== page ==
Preterm babies are not completely prepared for living in our environment. The lungs, digestive system, immunological system, and skin are still in an underdeveloped phase. Preemies may now, thankfully, make it through the first several days, weeks, or months of their lives until they are healthy enough to subsist on their own.
Taking Care of Your Tiny Tot
Giving their children the finest care possible can be stressful for new parents.
Breathe in deeply. With a little expertise, you can parent with assurance, give your newborn the care they need, and cherish every second of your time together.
- Communicate with your Paediatrician and the NICU: To get the specialised care they require to develop after birth, preterm newborns are frequently admitted to the neonatal intensive care unit (NICU). You have a fantastic opportunity to pick up the skills you'll need once your child gets home. Clear all your doubts and keep a close eye on what the nurses and doctors are doing throughout this period. The NICU team will assist you with practising feeding, changing, and showering your baby, as well as administering medications based on the level of development.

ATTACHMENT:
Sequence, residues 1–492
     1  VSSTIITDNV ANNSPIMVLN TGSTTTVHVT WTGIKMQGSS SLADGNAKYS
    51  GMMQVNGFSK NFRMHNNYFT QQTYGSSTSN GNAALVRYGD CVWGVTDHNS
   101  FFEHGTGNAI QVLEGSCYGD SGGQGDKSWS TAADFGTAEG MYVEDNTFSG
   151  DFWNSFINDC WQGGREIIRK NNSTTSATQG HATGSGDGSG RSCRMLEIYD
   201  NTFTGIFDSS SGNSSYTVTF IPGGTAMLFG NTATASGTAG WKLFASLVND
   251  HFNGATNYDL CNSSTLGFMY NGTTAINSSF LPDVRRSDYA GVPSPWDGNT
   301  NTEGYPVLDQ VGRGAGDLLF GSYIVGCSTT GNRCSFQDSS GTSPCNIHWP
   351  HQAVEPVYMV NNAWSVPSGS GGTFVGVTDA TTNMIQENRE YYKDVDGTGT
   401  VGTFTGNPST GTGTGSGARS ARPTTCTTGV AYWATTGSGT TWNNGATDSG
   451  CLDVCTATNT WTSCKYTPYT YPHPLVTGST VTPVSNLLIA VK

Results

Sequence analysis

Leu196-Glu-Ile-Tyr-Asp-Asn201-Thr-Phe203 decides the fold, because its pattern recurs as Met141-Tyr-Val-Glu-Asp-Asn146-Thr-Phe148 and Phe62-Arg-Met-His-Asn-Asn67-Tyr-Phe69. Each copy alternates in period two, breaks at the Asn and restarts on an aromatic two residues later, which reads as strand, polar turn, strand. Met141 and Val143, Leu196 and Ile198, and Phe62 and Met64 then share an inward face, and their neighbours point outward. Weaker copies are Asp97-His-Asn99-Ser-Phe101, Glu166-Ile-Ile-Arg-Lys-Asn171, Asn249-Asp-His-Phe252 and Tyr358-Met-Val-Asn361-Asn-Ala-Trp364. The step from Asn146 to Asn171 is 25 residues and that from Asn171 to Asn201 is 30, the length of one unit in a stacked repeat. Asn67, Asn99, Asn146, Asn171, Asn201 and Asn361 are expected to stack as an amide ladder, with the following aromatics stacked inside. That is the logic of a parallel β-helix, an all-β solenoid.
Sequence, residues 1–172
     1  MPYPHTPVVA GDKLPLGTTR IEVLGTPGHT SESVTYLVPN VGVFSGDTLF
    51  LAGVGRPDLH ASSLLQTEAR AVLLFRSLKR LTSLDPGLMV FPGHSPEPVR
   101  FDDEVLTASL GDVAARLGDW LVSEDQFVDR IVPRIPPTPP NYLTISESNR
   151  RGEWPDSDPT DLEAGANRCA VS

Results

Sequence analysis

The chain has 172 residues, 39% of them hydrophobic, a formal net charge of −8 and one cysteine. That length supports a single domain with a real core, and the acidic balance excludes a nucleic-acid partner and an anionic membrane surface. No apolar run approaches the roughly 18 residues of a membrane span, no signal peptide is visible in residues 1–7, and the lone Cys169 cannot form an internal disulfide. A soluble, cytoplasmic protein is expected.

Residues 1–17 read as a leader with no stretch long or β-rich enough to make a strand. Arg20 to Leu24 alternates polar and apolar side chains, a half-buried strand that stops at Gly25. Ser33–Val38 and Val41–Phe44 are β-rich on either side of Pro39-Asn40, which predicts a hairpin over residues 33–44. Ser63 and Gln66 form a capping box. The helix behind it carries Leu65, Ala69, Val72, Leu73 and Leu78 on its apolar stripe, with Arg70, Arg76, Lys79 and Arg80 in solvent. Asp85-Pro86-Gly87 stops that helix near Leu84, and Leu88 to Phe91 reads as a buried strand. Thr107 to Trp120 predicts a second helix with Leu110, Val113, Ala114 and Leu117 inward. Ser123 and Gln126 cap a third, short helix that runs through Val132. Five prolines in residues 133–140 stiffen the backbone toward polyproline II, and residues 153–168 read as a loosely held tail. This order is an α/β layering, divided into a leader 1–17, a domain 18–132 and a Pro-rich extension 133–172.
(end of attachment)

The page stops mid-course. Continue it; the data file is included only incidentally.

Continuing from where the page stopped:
- Baby's Specialized Feeding: You will decide whether your baby receives formula or breast milk in the NICU. Breastfeeding is the most recommended one, which contains essential nutrients and antibodies for a baby's immunologic growth and formation. To fulfil the high nutritional needs of premature babies, breast milk frequently needs to be supplemented with additional protein, vitamins, and minerals, despite the fact that it is already nutrient-dense. This is achieved by combining human milk fortifier with breast milk, a specialist food item designed to support good growth in premature infants.